Homework for Happiness

Homework for Happiness

Shawn Achor, the author of The Happiness Advantage has done work on the brain and happiness and how we can retrain the brain to scan for the good things in life—to help us see more possibility, to feel more energy, and to succeed at higher levels.  Using Achor’s research and findings, Walter Chen, founder of iDoneThis stated four very simple interventions that can over time; actually rewire your brain to see things more positively.  On a productivity blog buffer, Chen stated, “That whenever you do specific tasks over and over again, they take up less of your brain power over time.”   So how do you do this?

  • Scan for the 3 daily positives. At the end of each day, make a list of three specific good things that happened that day and reflect on what caused them to happen. The good things could be anything — bumping  into an old friend, a positive remark from someone at work, a pretty sunset. Celebrating small wins also has a proven effect of powering motivation and igniting joy. As you record your good things daily, the better you will get and feel.  Create a happiness journal or place in a huge container for everyone to see.
  • Give one shout-out to someone (daily). This is a great idea!  Take the positive things you’re getting better at recognizing and let people know you’ve noticed. Take a minute to say thanks or recognize someone for their efforts, from friends and family to people at work. A great way to go about this is by sending 1 daily email to someone. It can be a grade level partner, whose advice you are now appreciating every day. A neighbor you’ve just met. Show courage and say thanks.
  • Do something nice.  Acts of kindness boost happiness levels. Something as small and simple as making someone smile works. Pausing to do something thoughtful has the power to get you out of that negativity loop. Do something nice that is small and concrete.  (Classroom- sharpening a pencil for a friend, Work Team-taking notes and making copies for an upcoming meeting, Family-taking the dog for a walk without being told)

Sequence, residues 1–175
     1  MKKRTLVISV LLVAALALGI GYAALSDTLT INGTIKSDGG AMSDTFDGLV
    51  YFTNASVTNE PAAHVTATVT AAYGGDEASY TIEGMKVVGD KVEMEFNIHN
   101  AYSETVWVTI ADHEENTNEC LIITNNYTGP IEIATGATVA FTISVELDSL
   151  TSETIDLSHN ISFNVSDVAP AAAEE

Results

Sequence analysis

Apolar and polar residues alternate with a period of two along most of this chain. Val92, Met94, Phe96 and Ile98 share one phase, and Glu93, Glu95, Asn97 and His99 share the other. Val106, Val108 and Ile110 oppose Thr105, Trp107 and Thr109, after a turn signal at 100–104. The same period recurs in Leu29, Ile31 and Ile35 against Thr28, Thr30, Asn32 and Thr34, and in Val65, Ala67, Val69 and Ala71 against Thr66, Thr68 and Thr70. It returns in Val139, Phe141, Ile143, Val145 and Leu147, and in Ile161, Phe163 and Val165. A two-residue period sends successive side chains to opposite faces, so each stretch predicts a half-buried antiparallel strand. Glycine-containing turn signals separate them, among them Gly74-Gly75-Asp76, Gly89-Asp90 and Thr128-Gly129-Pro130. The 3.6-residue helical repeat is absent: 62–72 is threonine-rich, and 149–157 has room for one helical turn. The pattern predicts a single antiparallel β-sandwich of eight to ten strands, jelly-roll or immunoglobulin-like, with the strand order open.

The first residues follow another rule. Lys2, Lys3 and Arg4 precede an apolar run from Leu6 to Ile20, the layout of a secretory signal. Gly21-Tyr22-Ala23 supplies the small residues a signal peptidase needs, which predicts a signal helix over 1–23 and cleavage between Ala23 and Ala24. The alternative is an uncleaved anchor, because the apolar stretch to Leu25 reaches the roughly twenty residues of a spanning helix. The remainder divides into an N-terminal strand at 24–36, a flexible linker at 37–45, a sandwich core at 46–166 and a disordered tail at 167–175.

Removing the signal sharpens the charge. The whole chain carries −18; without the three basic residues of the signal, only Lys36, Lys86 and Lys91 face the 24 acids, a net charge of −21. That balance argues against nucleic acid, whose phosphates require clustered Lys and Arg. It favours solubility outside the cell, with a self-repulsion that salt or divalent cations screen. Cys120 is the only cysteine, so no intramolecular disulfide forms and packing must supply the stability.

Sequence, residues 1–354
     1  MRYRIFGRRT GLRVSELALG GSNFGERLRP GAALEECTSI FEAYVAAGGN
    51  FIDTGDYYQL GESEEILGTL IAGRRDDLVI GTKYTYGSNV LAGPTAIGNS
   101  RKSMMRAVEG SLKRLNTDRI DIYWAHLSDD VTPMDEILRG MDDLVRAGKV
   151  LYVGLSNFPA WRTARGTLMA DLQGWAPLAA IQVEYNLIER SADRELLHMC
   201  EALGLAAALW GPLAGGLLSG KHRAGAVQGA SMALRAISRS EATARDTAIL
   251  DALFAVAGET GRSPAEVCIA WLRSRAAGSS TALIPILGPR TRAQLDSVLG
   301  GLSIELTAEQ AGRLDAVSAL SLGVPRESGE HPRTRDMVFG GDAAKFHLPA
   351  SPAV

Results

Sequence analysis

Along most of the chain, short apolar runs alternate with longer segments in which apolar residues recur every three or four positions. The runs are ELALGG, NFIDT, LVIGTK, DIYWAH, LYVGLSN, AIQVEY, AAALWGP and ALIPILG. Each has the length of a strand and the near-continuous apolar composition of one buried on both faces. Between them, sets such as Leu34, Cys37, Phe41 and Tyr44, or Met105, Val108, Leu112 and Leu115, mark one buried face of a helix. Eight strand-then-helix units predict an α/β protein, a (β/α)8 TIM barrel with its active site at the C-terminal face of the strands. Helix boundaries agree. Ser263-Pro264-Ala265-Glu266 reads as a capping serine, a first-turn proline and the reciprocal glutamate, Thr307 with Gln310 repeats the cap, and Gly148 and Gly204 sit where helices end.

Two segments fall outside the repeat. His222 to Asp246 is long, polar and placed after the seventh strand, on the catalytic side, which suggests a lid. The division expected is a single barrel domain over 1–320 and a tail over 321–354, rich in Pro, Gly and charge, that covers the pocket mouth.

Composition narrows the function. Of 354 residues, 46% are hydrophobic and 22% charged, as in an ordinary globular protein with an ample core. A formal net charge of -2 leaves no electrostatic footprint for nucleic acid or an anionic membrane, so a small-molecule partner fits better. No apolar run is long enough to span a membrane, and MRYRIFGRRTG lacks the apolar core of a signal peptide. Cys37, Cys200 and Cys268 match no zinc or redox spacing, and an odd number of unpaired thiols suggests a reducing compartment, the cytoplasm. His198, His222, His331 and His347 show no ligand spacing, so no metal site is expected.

• Mind your mind. Mindfulness is paying attention to the present moment without judgment. Opening our awareness beyond the narrowness of negativity can help bring back more balance and positivity into the picture.

The lab-validated truth is that happiness brings us more success.  Make it a research project. Try this out with your class, your colleagues, or your family and see if you begin to see any different outcomes in your classroom objectives, your team member’s goals, or your family member’s happiness.

Sounds too simple, doesn’t it.  What would the world be like if we were just a little happier? I see this homework as being heartfelt, healthy, and helpful in being the great person you can be!

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2 thoughts on “Homework for Happiness

  1. Ginni says:

    Thanks for the shout out to iDoneThis! Great to see you sharing these ideas and applying it to the educational realm.

    Like

    • Thanks Ginni for stopping by the blog. I have a friend who sent me this article and thought it was very worth sharing. If you ever want another educational viewpoint or reflection, I would be happy to help.

      Like

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